Much to be learnt before the meaning of the Christ-Impulse can be grasped. Simplicity in the expression of the deepest truths comes from deepest knowledge and longest experience. The-fourfold nature of man; what happens after death to the three sheaths of the Ego. Does the physical body pass away entirely? Answer given by human consciousness at three different epochs of history — Greek, Buddhist, Ancient Hebrew. Redemption of the physical body foreseen by Job.

Lecture VI

Examples of simplest expression of highest truths in writings of John the Apostle and Paul. The Resurrection; modern scientific opinion. Passages from Paul and John examined. Paul and the Event of Damascus. ‘The Risen One’. The ‘first Adam’ and the ‘second Adam’; the physical body and the spiritual body; the primal Form or Phantom of the physical body; Luciferic interference. The physical body of Jesus of Nazareth, the bearer of the Christ-Being.

Lecture VII

Theosophical ideas have been inadequate, so far, for understanding the Mystery of Golgotha. The three streams of thought recalled — Greek, Buddhist, Hebrew. The Ego in man and the Christ-Being in Jesus of Nazareth. Development of Ego-consciousness in man; the physical body the mirror for thought. Degeneration through Luciferic influence of the physical body, and of the Phantom; the consequences for the intellect and for the Ego-consciousness which was becoming progressively enfeebled up to the time of the Mystery of Golgotha. The perfect Phantom, risen from the grave, multiplies itself like a physical cell and becomes the spiritual body in man. The Mystery of Golgotha the rescue of the Ego-consciousness.

Lecture VIII

Distinguishing characteristics of the two Jesus-children. Zarathustra and Buddha. The human Ego and the Ego of the Nathan-child. Union of the Ego of Zarathustra with the Nathan-Jesus, from twelfth to thirtieth year. Effects of the presence of the Christ-Being, after the Baptism, upon the Phantom of the physical body of the Nathan-Jesus.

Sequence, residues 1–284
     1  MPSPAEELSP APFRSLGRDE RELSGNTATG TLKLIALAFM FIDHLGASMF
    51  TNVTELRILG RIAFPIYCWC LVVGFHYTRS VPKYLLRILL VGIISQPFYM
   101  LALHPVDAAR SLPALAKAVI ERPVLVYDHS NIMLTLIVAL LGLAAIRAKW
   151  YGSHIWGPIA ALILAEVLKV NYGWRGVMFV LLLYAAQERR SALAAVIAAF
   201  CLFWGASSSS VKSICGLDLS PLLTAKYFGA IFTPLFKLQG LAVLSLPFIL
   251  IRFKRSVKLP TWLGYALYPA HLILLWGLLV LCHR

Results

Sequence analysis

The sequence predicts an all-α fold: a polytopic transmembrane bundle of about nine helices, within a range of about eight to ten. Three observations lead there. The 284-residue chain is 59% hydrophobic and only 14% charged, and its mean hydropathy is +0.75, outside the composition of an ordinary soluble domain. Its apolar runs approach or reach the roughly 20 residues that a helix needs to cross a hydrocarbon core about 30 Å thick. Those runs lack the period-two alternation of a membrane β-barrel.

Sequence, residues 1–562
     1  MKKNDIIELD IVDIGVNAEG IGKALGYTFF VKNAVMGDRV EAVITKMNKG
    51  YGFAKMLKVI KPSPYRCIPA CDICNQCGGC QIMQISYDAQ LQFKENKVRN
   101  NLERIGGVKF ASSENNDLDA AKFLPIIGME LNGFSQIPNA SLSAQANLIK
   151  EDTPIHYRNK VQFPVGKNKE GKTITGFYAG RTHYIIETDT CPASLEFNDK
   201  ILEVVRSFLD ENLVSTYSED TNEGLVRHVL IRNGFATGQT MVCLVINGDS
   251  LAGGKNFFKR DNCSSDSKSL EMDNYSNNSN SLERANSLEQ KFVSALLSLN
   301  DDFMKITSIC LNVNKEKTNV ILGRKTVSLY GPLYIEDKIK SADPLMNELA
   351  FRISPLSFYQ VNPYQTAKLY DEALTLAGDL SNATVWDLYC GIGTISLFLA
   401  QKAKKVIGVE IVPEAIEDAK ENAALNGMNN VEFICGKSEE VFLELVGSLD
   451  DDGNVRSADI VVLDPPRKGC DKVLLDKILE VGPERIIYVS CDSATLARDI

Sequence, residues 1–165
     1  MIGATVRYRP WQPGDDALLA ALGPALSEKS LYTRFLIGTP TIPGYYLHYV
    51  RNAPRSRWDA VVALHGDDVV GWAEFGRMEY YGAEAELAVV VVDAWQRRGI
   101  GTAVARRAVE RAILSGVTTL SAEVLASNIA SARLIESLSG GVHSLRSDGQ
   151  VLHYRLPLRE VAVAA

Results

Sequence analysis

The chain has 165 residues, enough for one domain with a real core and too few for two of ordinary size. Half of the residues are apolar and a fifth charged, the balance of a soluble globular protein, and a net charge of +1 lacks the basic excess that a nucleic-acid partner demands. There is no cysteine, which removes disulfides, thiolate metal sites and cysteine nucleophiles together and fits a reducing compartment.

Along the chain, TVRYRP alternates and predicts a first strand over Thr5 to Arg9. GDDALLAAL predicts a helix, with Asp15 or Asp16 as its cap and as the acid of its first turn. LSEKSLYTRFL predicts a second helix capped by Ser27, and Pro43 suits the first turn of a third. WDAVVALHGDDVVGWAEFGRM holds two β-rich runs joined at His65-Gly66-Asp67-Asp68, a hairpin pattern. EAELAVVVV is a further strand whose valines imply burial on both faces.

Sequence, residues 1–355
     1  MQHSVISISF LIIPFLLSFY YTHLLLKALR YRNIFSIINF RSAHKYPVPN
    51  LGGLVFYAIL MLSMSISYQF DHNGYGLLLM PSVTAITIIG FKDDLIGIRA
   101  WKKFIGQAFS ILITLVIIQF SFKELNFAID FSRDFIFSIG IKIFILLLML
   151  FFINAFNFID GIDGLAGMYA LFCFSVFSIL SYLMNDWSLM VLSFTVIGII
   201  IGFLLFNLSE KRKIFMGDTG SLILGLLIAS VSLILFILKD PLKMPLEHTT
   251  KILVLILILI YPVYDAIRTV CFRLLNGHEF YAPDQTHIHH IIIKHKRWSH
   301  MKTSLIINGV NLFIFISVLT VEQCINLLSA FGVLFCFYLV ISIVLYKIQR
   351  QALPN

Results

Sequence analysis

Lecture IX

The exoteric path to Christ lost under increasing materialism during nineteenth century, though new signs appear in eighteenth and early nineteenth: Oetinger and Rothe. The objective reality of thought could not be grasped; connection of man with the Macrocosm was lost. Highest human ideals were regarded as purely subjective. But there could still be an intuitive feeling that sin was an objective fact and called for an objective act of Redemption. In the Holy Communion — matter interpenetrated with spirit — men found, and can still find, union with Christ.

Lecture X

The esoteric path to Christ was the path of the Evangelists; the Gospels are written from clairvoyant knowledge. The stages of Christian Initiation. The Appearance of Christ as Lord of Karma a super-sensible event, not an event on the physical plane; relation of individual karma to Earth karma. Importance of preparing oneself during earthly life for the encounter with Christ as Lord of Karma after death. Future teachings: human speech will acquire magical power: the utterance of a moral principle will become a moral impulse in those who hear it. The Bodhisattva of the twentieth century. The Maitreya Buddha, 3,000 years hence, will be a bringer of the Good through the Word. The Redemption-Thought. Conclusion.